DES MOINES — The investment account of philanthropist Rachel L. Mellon has given $495,000 to an independent group that is backing Democrat John Edwards' presidential bid.
The donation, which was disclosed in a Federal Election Commission filing Friday, comes as Edwards and rival Sen. Barack Obama of Illinois have been sniping at each other over just such outside spending.
An aide to Obama called the $495,000 gift from Mellon, who is in her mid-90s, "questionable," and Edwards repeated his view that independent advocacy groups should be banned.
The donation came from Oak Spring Farms LLC, the New York entity that holds Mellon's pharmaceutical and banking fortune.
Mellon, a onetime friend of Jacqueline Kennedy Onassis, was involved in politics decades ago. She had not made a federal donation for at least a decade before March, when she gave $4,600 to Edwards.
Neither Mellon nor her attorney, Alexander Forger, could be reached for comment.
Forger, who oversees her investment account, hosted a fundraiser for Edwards, a former North Carolina senator, and donated $4,600 in March -- the maximum an individual can give directly to a candidate.
The $495,000 disclosed Friday went to Alliance for a New America, an independent group not subject to federal campaign financing limits. The group also has received funding from labor organizations, and is spending $1.7 million on radio and TV ads on Edwards' behalf in Iowa.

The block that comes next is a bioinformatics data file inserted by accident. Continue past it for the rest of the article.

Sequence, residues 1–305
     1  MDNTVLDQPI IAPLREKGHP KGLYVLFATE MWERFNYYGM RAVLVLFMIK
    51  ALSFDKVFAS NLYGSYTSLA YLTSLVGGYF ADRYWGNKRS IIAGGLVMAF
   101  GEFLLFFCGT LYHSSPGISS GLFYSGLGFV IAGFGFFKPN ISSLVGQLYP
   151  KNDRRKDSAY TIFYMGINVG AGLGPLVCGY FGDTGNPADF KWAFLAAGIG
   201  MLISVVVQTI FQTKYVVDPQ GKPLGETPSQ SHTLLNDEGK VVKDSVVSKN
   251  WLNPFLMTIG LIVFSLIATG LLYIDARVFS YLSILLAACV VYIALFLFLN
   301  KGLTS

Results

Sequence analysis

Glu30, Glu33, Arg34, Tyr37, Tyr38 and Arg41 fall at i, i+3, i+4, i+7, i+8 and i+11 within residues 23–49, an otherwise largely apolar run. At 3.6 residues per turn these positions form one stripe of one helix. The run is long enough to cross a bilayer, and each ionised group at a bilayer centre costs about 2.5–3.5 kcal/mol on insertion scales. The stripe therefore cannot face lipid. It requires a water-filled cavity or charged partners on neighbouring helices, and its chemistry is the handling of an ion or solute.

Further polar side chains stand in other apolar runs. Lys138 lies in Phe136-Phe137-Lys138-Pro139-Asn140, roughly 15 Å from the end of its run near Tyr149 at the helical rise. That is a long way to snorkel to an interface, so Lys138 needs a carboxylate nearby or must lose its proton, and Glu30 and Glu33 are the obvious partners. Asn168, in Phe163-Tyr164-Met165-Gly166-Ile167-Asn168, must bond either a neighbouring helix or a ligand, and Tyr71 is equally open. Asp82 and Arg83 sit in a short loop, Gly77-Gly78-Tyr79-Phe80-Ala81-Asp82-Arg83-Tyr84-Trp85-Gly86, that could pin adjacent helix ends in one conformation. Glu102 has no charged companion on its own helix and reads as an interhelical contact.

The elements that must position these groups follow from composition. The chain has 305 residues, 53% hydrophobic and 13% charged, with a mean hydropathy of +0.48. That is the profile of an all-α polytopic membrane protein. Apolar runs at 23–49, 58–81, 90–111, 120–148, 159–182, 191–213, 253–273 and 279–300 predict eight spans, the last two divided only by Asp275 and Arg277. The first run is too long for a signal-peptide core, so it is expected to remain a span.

Nick Baldick, a former Edwards aide who is overseeing the alliance's ad blitz in Iowa, declined to comment on the Mellon donation.
Edwards spokesman Eric Schultz said the "campaign has nothing to do with this, but as he has said repeatedly, Sen. Edwards believes these groups should have no role in the political process."
On Friday, Obama leveled a new attack on Edwards and fellow Democratic candidate Hillary Rodham Clinton, a New York senator, for benefiting from independent groups in Iowa -- even as a similar group has been raising significant sums to help him in the California primary.
In an e-mail to supporters, Obama appealed for donations while decrying "outside groups" that are "in the process of pouring more than $3.2 million into Iowa to support Hillary Clinton and John Edwards."
The groups Obama was referring to include labor unions, which are a foundation of Democratic Party support, and EMILY's List, a political action committee devoted to electing Democratic women who support abortion rights.
Although Obama has not received backing from independent campaigns in Iowa, he stands to benefit from one such group, Vote Hope, which aims to help him in the Feb. 5 primary in California.
"In no uncertain terms, we oppose any such support and continue to disavow it," Obama spokesman Bill Burton said of Vote Hope.
Vote Hope representatives did not return phone calls. The group raised $350,000 in the first half of the year, according to records filed in July with the Federal Election Commission and the California secretary of state.
When it was created in March, the group said it hoped to raise $2 million, to get Obama supporters to the polls in California.